Old Man and the Boryeong Mud Festival

Boryeong Mud Festival

I entered Korea’s Boryeong Mud Festival late; all of the youth were happily slipping and sliding and just caked in the stuff. My t-shirt was still white. Not a good look for anyone at a mud festival, but especially not for me–an old man in his mid-thirties–surrounded by kids nearly half my age. These kids needed the mud because they were stupid; I needed the mud just to fit in.

 

A few years ago, I had gone to the notorious full moon party in Thailand with my wife. I was new to my thirties then and my wife was still twenty-nine. But even there we felt out of place, as college-aged kids inanely dove through fire hoops or jumped flaming ropes. (Of course, I also did this, but I at least had the wisdom of my years to know it was dumb.)

 

Boryeong Mud Festival

 

The Boryeong Mud Festival

 

Now, at the mud fest, twice everyones’ age, I was on my own. I looked ridiculous. I was standing in line to run an obstacle course without any mud on me yet. A few signs suggested doing calisthenics before the event, but none of the kids were stretching their muscles. I decided that I wouldn’t either. On the other hand, I had pulled a hamstring a few days earlier. So I pretended to drop something in order to get in at least one good stretch.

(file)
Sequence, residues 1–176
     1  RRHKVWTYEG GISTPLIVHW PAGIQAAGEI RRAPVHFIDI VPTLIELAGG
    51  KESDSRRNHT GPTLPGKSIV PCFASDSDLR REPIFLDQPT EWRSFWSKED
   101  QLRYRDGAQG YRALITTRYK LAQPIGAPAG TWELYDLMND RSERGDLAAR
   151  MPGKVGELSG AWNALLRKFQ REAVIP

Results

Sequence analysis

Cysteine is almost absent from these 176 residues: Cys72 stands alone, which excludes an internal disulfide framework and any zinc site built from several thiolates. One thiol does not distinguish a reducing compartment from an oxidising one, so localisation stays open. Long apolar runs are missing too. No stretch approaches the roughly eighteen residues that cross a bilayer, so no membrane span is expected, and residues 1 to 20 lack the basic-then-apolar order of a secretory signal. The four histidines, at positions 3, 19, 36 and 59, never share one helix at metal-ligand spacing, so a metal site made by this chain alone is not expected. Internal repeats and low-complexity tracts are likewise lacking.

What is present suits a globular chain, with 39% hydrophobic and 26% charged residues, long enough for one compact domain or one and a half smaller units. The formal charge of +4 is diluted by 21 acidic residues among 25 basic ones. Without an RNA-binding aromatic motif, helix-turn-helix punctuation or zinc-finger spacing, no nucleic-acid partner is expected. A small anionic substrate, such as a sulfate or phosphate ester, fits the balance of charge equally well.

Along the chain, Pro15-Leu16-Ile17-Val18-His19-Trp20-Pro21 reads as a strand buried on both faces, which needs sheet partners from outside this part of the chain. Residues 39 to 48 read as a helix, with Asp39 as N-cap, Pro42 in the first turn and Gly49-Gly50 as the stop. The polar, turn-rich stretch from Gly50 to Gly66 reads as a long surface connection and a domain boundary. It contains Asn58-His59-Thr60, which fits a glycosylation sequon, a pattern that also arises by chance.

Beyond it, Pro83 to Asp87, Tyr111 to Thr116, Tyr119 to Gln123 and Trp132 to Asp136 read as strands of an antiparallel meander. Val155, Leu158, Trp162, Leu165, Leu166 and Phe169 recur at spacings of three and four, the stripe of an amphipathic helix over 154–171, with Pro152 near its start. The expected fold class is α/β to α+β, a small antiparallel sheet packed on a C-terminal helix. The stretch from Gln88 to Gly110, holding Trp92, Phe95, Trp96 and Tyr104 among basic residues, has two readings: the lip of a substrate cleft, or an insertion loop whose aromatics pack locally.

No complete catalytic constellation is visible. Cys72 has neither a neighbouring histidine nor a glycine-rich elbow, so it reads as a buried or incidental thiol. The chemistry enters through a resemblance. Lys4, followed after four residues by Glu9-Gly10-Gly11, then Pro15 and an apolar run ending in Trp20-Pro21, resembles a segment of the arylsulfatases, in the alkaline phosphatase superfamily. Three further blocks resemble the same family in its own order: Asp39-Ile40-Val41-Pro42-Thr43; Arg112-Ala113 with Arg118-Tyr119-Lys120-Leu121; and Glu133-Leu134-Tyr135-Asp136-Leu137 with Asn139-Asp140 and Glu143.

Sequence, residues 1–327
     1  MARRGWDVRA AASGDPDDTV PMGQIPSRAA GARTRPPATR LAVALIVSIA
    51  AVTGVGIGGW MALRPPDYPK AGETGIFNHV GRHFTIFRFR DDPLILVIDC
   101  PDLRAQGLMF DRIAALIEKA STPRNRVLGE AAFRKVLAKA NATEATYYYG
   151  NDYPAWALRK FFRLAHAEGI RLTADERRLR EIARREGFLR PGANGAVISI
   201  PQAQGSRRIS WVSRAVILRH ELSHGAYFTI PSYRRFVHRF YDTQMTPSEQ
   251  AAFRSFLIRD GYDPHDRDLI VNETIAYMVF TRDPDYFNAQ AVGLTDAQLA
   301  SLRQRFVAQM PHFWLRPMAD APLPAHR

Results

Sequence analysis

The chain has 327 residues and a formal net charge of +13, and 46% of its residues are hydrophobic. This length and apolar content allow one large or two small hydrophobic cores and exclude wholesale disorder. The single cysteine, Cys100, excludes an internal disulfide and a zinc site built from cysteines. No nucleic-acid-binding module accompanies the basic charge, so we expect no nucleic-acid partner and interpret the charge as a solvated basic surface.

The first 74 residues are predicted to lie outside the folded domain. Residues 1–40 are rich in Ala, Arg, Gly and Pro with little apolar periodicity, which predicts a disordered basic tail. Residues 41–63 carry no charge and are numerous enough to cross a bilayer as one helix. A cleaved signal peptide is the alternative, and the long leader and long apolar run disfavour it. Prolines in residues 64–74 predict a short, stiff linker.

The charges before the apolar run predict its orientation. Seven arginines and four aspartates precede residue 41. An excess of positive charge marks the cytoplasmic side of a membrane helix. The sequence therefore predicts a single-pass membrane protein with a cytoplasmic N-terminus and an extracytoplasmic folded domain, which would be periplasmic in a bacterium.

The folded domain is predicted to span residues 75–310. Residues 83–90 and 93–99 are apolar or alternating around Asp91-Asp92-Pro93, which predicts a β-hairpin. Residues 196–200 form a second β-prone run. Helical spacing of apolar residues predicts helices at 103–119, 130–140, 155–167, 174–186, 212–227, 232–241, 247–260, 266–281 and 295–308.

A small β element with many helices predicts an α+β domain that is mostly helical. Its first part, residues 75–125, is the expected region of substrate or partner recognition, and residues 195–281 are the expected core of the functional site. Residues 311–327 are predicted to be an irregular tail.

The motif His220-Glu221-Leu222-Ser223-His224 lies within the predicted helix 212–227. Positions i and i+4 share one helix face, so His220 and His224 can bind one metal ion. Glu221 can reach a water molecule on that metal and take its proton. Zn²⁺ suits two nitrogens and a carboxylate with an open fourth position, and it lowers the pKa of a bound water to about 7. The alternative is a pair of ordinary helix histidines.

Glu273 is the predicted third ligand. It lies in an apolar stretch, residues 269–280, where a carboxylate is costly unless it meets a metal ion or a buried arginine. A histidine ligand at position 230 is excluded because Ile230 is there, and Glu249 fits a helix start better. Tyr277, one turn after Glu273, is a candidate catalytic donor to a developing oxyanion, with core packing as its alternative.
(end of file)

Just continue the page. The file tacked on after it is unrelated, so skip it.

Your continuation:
The kids in front of me were pointing across the festival grounds; an old white couple was covered in mud and tottering about. While many of the younger people looked good splattered in mud, the elderly couple looked like they had lost bowel control. In an effort to point out the incontinent-looking couple, one of the college kids in front of me turned around and crashed into me, dirtying my shirt. What a relief.

 

Boryeong Mud Festival

 

When I reached the front of the line, where the entrance to the inflatable gauntlet was being replenished with mud and water, the kid working the moon bounce doused me with a bucket of sludge. Now I was one of them. But when I squinted, the creases of my crows’ feet sent mud into my eyeballs.

 

I had some last-second thoughts: Anyone have a handkerchief? Is this mud burning anyone’s eyes? Oy, I need some water. Now my hamstring is acting up. Is it too late to ask for a substitute so that I can stretch more diligently.

 

The whistle blasted and everyone was off. I hobbled across the moon bounce. I could sense the pointing fingers. But at least I had the good sense and my past mistakes to know that these were some stupid kids.

 

Boryeong Mud Festival

 

Posted on by Noah Lederman in Lost In Translation, Or Bust

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